Review

A still from the film “Spirited Away” directed and written by Hayao Miyazaki and animated by Studio Ghibli

Chihiro’s journey starts with an unfortunate – for the girl – relocation to a different town. She is shown clutching at a bouquet of flowers – the last present from her colleagues at the school she used to attend previously. When her parents decide to explore a randomly found tunnel she reacts with apprehension, but follows suit after realizing she would be left alone. From this point, her apprehension seems to rise – unlike her parents, who are amazed by the discovery of a seemingly abandoned place. Despite their daughter’s pleas, they begin to devour the food in the open buffet, not questioning the situation in the slightest. Soon after, Chihiro is met with a horrifying realization – her parents turned into pigs, and she is now stuck in the spirit world. All alone. Or maybe not…?

Fortunately for Chihiro, she manages to find help in a mysterious boy who claims to have known her already. Under his help, she manages to reach the bathhouse, and following his instructions – gets a job at the place. Working was the only way to protect her from Yubaba – the witch in charge of the bathhouse. Yubaba agreed to let her work under one condition – a change of her name. Getting rid of the second kanji of her name, she was left with “Sen” – her new identity.

Chihiro – under a new name – works for Yubaba, makes new friends along the way, and finally, ends up saving and freeing Haku – the boy who helped her at the start. By telling him his true name – Kohaku – she frees him from Yubaba’s reign. She remembers Kohaku as a river she fell into when she was much younger. By the end, she reclaims her name and frees her parents. Before the three of them leave the area, Chihiro is shown staring longingly into the tunnel, ignoring her parents’ urging to enter the car.

And that’s about it – told in the most stripped-down nutshell. A huge part of me feels shame for telling Chihiro’s story in such abridgement. It’s a beautiful tale of love, challenge, and determination, and deserves to at least be told in full. However, my main focus are the interpretations of this story, the context behind it and finally, acknowledging the beauty of the animation and voice acting. I wouldn’t be able to focus on all of these in this review otherwise.

Starting with the interpretations – Chihiro’s journey can be anything the viewer makes it to be. Miyazaki mentioned that he made the character of Chihiro after a daughter of his friend whom he spent every summer with. He wanted her to have a character to look up to and made Chihiro with this in mind. Considering that we don’t know much of Chihiro’s backstory nor personality outside of what was shown, I think this qualifies Chihiro as an everyman type character. She is relatable mainly because we can see ourselves in her, and our struggles in her situation.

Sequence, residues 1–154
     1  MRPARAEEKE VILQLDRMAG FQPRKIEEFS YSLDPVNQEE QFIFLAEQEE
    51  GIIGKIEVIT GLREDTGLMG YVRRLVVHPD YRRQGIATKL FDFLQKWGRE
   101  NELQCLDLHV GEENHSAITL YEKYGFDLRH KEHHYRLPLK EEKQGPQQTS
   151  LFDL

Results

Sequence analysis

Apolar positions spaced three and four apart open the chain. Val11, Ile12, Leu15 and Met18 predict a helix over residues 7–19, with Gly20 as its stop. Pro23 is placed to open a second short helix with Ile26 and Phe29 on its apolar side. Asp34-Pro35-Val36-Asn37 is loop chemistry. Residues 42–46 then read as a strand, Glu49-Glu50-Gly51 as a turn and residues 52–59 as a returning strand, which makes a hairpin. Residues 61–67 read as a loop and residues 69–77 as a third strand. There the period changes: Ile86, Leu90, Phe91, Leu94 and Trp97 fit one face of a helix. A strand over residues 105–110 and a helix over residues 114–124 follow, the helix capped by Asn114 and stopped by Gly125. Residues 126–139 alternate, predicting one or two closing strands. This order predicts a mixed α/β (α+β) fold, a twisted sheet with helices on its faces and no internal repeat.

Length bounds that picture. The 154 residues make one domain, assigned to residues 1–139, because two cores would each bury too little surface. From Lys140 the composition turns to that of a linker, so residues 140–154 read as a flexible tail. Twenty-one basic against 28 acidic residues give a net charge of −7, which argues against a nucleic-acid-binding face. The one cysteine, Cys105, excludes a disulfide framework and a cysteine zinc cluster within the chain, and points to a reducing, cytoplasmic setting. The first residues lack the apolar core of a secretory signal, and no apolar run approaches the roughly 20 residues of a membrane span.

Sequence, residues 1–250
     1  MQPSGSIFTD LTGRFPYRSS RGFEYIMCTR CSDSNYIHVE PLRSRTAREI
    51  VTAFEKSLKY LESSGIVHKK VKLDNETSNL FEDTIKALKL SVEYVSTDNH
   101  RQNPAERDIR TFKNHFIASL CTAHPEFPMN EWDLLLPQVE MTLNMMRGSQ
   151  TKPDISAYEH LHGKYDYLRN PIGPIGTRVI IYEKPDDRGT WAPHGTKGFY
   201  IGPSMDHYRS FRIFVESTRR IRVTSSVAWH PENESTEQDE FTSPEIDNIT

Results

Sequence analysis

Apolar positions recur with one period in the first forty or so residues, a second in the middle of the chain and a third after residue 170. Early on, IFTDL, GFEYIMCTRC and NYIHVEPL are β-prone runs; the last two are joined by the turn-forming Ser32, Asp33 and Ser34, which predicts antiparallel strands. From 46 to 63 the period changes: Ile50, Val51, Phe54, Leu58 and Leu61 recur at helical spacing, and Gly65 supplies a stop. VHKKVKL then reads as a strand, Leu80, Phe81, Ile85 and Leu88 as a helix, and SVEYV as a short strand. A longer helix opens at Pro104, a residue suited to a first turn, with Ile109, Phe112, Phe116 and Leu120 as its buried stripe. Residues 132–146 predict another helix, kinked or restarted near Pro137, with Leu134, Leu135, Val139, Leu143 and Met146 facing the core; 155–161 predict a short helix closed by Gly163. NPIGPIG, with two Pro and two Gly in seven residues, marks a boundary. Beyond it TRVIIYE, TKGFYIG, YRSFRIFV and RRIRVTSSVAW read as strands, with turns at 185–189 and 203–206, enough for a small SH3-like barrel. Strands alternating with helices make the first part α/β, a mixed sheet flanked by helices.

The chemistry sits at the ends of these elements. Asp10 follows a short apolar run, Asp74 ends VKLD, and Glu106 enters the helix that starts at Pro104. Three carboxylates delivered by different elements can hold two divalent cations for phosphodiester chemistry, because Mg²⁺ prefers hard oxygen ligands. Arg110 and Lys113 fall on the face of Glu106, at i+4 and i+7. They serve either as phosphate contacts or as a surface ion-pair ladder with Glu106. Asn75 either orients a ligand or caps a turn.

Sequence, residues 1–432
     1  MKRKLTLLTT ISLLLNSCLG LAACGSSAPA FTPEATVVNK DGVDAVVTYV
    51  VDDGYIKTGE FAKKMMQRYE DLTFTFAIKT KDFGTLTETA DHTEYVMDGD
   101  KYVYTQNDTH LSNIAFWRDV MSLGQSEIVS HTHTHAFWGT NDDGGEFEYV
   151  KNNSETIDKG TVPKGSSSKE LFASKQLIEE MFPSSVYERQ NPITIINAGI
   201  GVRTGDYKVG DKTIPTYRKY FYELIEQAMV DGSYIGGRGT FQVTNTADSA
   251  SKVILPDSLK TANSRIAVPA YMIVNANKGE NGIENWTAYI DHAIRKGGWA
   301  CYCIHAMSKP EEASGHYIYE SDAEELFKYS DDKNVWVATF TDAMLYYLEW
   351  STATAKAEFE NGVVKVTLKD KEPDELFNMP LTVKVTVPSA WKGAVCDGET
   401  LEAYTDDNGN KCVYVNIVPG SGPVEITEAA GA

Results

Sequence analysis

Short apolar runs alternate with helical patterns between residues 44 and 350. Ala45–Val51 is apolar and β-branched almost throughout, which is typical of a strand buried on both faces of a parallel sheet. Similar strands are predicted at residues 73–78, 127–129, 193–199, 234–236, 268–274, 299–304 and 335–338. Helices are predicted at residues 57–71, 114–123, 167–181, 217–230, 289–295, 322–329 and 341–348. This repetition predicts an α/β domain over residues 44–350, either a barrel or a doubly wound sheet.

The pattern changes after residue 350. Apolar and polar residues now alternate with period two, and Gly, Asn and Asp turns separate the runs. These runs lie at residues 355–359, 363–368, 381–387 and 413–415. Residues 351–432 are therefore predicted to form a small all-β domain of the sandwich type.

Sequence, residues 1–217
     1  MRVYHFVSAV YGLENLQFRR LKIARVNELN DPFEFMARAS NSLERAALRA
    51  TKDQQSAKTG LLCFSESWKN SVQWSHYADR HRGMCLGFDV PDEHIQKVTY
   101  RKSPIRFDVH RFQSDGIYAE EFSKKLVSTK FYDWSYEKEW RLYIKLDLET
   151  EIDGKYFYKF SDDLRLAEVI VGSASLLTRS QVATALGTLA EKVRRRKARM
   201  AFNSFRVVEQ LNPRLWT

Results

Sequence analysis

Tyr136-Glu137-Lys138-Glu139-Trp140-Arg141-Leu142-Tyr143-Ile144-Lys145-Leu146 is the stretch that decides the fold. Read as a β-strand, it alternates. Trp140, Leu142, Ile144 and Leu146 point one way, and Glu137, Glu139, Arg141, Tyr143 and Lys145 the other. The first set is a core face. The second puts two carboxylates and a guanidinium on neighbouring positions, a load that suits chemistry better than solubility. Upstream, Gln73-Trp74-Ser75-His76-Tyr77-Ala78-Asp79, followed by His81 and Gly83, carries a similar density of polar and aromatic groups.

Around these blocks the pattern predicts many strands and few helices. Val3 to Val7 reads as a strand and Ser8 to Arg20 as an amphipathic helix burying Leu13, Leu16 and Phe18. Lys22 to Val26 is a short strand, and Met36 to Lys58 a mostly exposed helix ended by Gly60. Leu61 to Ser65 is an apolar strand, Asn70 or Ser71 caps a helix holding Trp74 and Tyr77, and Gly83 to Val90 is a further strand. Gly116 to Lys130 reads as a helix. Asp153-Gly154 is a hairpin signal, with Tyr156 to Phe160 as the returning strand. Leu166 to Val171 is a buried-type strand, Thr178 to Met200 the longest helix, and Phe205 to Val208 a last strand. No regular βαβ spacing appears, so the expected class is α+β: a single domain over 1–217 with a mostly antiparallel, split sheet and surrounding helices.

The possible interpretations are as numerous as there are watchers of this film. I am particularly in favour of the theory according to which Chihiro’s journey is purely a visual representation of her psyche and having to deal with a sudden change of lifestyle. The struggles depicted on her way are merely challenges that come with growing up – her parents becoming pigs being merely a metaphor of how she started to view them. I’ve also seen someone compare her journey to the five stages of grief. One easter egg in particular seems to hint at the fact that her journey is mainly internal – the characters for “yu” and “me” can be seen in the background. Combining them together gives us the word – “yume” – or, in translation – dream. Spirited Away wasn’t successful just for its magnificent plot and characters – the film is well known for its beautiful hand-drawn animation. Other than that, similarly as to Studio Ghibli’s previous films, the studio experimented with computer animation – in moderation, to enhance the world created by Miyazaki. The film is filled with scenes known as “ma” – in translation “emptiness”. These are known as the scenes where nothing happens, and yet, they are known as the most beautiful and engaging moments of the film. Instead of following a constant action, the audience gets to become a part of the fantastical world themselves, to become submerged with the magic of the scenery and the character’s routine. Personally, I am a huge fan of the scene in which Chihiro travels aboard a train with her friend. Such a tranquil moment,

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